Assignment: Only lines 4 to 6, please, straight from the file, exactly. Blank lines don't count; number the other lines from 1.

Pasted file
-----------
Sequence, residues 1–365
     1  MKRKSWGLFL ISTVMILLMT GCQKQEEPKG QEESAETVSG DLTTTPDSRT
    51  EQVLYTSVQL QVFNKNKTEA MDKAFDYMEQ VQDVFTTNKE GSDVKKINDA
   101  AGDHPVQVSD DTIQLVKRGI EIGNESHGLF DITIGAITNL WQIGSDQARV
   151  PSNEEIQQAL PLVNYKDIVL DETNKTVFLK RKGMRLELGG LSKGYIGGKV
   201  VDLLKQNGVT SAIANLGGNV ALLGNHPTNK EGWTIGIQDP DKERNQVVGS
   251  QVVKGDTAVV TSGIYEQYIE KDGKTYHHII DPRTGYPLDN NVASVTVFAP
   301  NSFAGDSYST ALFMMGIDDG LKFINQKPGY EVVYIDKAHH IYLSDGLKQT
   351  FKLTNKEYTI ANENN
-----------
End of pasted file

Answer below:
   101  AGDHPVQVSD DTIQLVKRGI EIGNESHGLF DITIGAITNL WQIGSDQARV
   151  PSNEEIQQAL PLVNYKDIVL DETNKTVFLK RKGMRLELGG LSKGYIGGKV
   201  VDLLKQNGVT SAIANLGGNV ALLGNHPTNK EGWTIGIQDP DKERNQVVGS